Salient to Investors:

  • P/E ratios among the 50 largest companies in the S&P 500 Index deviate from the mean by an average 22%, nearly the lowest on record since 1990. An average of 380 Index companies rose in each of the last 5 years, versus 307 in the 1990s. In 2007, the deviation in P/E ratios for the 50 largest Index companies was 25%, the lowest since at least 1990, the beginning of a decade when the average deviation was 37%. The deviation was highest at 57% in 1999.
  • Eric Schoenstein at Jensen Quality Growth Fund sees less interest in picking stocks than just investing in markets, with buyers are making too few distinctions among good and bad companies, and could exacerbate selling once it begins – the fact that everything moves in lockstep up means they would probably drop in lockstep down.
  • Hayes Miller at Baring Asset Mgmt said stocks should not be valued as similarly as they are, which is abnormal and unsustainable.
  • Scott Clemons at Brown Brothers Harriman Private Banking said people are buying stocks for the sake of buying stocks – akin to the late 1990s in only one area, dot-com, of the market.
  • ETFs make it easy to accumulate large positions without regard to the individual companies.
  • Brent Schutte at BMO Global Asset Mgmt said everyone was a stock picker in the 1990s, whereas today everyone does strategic asset allocations and buys index funds, which narrows valuations.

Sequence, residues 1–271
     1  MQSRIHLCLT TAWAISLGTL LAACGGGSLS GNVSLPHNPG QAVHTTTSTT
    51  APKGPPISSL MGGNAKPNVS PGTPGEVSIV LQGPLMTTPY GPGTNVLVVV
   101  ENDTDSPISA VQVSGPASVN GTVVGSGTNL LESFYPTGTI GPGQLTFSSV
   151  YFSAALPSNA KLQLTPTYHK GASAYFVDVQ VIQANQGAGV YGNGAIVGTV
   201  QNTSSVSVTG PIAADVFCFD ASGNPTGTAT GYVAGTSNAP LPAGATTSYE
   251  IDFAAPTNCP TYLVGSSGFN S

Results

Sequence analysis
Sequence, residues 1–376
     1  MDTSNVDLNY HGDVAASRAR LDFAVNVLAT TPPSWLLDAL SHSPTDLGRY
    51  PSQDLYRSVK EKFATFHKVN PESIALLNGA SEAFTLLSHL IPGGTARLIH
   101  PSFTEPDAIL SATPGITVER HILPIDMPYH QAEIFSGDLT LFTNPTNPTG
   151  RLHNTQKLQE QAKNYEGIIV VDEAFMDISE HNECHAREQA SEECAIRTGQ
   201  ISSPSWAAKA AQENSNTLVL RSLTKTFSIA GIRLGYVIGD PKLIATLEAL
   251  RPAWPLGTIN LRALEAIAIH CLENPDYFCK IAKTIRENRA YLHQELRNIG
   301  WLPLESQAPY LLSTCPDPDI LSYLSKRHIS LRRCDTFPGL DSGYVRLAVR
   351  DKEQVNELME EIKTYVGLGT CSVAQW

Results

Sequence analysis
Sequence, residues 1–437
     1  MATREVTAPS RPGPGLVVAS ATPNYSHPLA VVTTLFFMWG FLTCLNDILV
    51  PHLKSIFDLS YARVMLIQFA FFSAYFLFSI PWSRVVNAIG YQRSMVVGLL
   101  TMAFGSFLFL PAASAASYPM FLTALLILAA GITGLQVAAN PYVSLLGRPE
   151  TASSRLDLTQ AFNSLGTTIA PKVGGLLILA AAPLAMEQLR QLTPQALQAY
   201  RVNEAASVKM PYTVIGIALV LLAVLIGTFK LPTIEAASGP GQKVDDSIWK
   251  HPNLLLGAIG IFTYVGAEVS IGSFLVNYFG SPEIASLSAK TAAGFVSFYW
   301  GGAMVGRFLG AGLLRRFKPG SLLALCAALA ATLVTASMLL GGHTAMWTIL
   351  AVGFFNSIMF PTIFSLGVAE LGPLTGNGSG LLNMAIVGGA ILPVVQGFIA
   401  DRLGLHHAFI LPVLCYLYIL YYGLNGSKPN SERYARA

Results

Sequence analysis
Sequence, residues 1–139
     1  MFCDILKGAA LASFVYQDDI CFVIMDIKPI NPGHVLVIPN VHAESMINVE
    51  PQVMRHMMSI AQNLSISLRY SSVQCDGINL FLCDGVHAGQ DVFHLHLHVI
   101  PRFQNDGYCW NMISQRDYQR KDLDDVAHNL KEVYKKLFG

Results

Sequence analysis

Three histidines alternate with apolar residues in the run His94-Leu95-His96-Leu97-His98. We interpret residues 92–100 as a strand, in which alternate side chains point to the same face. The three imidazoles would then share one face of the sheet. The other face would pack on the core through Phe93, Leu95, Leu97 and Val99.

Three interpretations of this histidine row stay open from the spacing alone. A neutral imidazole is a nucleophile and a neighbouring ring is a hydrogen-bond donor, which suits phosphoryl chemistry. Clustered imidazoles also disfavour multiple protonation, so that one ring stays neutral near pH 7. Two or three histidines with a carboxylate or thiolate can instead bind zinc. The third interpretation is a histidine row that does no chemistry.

• Doug Foreman at Kayne Anderson Rudnick Investment Mgmt said many companies and industries are doing very well, so the market does not feel the need to price one group much higher than everything else – a much better balance.
  • Morgan Stanley forecast a slower though sustained rise in the S&P 500 to 3,000 by 2020 amid continued US economic strength.
  • Merck trades at 17.2 x earnings with analysts forecasting profit will be little changed in 2014, the same valuation as Qualcomm with an estimated earnings growth of 32%. Apple is valued at 16.6 x earnings with a projected earnings growth of 14%, versus 20.8 x for PepsiCo with a projected earnings growth of 5%.
  • Todd Lowenstein at Highmark Capital Mgmt sees a whole group of stocks in growth purgatory, and expects returns from here to come less from multiple expansion and more from fundamentals.

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